The RNC and the Co-opting of Language

                  I have been watching the RNC – I admit not for very long periods of time because the hatred that I see in the faces of some of the delegates and the demeaning language that spews from the mouths of some of the speakers is difficult to listen to before my eardrums burst. […]

Baton Rouge, Falcon Heights, and Dallas

                  I am sick of the killings. I don’t want black men shot in the streets. I don’t want cops shot by a sniper. I don’t want children shot in schools. I do not want any of this. When I began writing this blog entry only the Baton Rouge and Falcon Heights shootings had […]

Rethinking teacher beliefs

                  Recently a former colleague of mine passed away. We were both on the faculty at an urban middle/high school in Philadelphia and her passing made me think about the feelings that I had when she transferred to another Philly high school. I believed, at that time, that a teacher should have a clear […]

Gov. Wolf’ veto and a teacher’s response

                  There was an editorial response to Gov. Wolf’s veto in the Sunday Inquirer – it can be found at this link  http://www.philly.com/philly/opinion/20160529_Commentary__With_veto__Wolf_puts_unions_ahead_of_students.html                 The editorial was written by Sharif El-Mekki, a principal at a Mastery Charter School, and is critical of the veto because it “puts unions ahead of students.” El-Mekki suggests that […]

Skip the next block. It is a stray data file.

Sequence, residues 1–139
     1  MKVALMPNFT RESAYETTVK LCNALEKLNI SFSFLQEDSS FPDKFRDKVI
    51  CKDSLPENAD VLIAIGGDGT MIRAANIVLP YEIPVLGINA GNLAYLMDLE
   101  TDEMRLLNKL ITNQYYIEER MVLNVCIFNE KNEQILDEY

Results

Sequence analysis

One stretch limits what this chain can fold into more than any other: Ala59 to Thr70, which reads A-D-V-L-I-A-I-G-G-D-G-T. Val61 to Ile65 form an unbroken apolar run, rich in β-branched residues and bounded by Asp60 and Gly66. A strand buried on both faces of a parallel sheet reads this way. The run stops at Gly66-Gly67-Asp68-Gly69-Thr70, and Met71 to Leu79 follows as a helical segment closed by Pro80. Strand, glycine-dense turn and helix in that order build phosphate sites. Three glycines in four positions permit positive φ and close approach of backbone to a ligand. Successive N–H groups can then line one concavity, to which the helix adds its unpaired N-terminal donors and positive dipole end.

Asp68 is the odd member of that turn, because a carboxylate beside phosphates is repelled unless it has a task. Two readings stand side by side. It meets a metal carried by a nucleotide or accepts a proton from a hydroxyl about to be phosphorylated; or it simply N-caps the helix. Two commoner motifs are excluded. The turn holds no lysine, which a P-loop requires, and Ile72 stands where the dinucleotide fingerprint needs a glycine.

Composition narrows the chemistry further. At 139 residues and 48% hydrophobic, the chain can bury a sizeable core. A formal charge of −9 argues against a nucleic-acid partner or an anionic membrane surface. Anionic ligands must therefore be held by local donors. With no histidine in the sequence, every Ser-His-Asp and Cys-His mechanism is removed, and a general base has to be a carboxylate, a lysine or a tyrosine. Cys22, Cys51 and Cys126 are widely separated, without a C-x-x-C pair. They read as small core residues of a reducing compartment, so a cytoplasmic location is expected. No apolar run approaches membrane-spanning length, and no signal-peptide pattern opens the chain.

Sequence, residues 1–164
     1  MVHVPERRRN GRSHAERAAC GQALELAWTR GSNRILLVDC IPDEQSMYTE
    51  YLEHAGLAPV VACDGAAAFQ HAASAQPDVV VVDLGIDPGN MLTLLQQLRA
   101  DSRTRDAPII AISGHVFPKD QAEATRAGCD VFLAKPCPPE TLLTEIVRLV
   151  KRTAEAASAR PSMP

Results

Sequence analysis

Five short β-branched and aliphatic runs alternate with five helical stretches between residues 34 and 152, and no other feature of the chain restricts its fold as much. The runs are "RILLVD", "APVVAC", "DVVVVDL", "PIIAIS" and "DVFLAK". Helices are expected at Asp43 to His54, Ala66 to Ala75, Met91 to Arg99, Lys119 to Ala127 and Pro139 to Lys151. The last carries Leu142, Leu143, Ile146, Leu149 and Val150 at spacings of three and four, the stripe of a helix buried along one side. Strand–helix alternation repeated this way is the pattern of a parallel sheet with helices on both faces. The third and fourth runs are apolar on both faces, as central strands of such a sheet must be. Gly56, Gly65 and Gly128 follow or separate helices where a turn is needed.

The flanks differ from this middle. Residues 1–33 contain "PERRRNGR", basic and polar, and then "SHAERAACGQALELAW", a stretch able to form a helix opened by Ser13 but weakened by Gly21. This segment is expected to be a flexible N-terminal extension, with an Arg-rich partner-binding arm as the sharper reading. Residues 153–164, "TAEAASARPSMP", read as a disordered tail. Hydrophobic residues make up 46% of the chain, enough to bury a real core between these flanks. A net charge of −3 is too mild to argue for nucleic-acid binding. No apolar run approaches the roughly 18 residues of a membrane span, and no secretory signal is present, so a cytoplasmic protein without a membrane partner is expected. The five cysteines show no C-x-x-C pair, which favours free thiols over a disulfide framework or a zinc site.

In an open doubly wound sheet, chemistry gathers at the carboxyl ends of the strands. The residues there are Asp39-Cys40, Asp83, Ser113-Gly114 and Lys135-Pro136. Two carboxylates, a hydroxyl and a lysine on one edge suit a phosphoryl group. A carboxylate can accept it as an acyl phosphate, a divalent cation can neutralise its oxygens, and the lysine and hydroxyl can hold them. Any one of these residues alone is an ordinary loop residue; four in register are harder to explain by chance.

Team Teaching – a 3rd example

  Team teaching can be a powerful way to develop a curriculum that places student learning at the center of attention. When team teaching is grounded in principles of cooperation, social justice and innovation, it can produce teaching that is vibrant and results in an organic classroom practice that matures as the student/teacher community grows […]

Why I retired from teaching

This will at least be the beginning of the telling of this story. I recently read an article in The Atlantic that was titled ‘Why Teachers of Color Quit’. This article was brought to my attention by a former teacher friend and colleague, and the article resonated with me, making me think again about the […]

Two very different models for professional development

Since the new school year is about to begin, I am reaching out to Philly public school teachers to share some thoughts about two articles that came to my attention in the last few days. The first article was in the Inquirer from Aug 18th, 2015, and concerned a $2 million Gates grant given to […]

The ethical dilemma of teaching in the age of standardization

I recently read Richard Rothstein’s commencement address given at the Bank Street Graduate School of Education on May 14th, 2015. I would like to share some of his thoughts and then suggest some responses for teachers in public schools today. Here are some points Rothstein made in his speech (with liberties taken by this author): […]